Those few hours proved fatal for many, not least for Americans whose commanders were keen to push forward even with the prospect of hostilities ceasing that same morning. The US commander, John Pershing, is said to have been keen to push on to Berlin in order to comprehensively defeat the Kaiser and his people. Pershing feared that anything less than a complete defeat would not convince those people they had lost.

Two decades later and Europe was again at war, not least because Germany’s leaders believed they had been betrayed in 1918 rather than feeling they had lost.

France and Britain took a different view to the recently arrived Americans. They wanted the killing to stop and the armistice achieved that after four years of war. This honourable and decent decision had terrible long-term consequences but was widely welcomed in the high streets and station roads of Britain and the rues and boulevards of France.

The moral of this story? It is sometimes better to clearly defeat your opponent. It’s now a year since Southern conductors voted for strike action about the train operator’s plans to convert their role into that of on-board supervisors (OBS) with door controls transferred to train drivers. That vote, organised by rail union RMT, resulted in an overwhelming mandate to reject Southern’s proposals and to take strike action.

Between then and now, those conductors have walked out for the equivalent of a month. Meanwhile, Southern made the changes it wanted. Drivers now control doors and trains run under driver only operation (DOO) rules. The conductors are now OBS, a grade RMT doesn’t recognise because to do so would be to accept the changes Southern has made.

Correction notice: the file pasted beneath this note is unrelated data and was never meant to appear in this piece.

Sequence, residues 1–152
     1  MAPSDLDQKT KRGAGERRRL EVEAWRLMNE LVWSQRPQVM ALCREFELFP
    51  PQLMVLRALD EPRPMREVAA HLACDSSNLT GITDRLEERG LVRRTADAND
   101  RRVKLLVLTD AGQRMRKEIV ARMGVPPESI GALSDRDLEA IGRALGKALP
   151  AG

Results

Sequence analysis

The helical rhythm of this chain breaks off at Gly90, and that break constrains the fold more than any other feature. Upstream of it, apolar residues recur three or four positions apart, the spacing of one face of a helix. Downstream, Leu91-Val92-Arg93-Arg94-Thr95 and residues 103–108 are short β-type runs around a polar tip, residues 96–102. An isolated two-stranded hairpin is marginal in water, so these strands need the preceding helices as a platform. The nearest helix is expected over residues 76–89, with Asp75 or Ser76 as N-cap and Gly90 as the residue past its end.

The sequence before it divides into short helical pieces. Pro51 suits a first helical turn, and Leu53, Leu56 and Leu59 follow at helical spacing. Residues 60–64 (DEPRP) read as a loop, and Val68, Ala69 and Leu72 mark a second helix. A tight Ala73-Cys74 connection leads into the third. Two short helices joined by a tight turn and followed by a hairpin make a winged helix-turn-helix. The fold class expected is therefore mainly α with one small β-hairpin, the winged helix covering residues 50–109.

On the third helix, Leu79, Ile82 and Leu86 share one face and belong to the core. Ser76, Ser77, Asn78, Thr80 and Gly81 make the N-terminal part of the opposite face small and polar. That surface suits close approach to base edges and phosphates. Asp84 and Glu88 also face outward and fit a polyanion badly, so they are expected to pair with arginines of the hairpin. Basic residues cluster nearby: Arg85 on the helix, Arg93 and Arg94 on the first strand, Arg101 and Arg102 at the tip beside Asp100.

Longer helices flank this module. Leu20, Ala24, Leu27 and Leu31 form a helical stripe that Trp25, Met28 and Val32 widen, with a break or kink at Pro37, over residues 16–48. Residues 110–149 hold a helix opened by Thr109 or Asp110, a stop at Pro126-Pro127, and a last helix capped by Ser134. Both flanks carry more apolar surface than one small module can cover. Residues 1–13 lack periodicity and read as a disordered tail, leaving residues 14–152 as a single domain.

The most recent strike took place on April 8. Southern said it ran 95% of its timetable and claimed that 55% of conductors and OBS reported for work. The RMT described the strike as rock solid.

It was a similar story on March 13 and February 22 with around 90% of services running and over half of on-board staff reporting for work.

The RMT executive appears in no mind to sue for peace and, with almost all it services running normally, there’s no pressure on Southern to extend any helping hand. Yet this dispute must end. But unless it ends in comprehensive defeat for the RMT, it will fester under the surface to erupt again.

It’s for the former conductors to put pressure on their union reps to end this strike. For those services working under DOO, they are now OBS. Before long, they will be looking for an annual pay rise but they can’t rely on their union to represent them because their union doesn’t recognise their grade.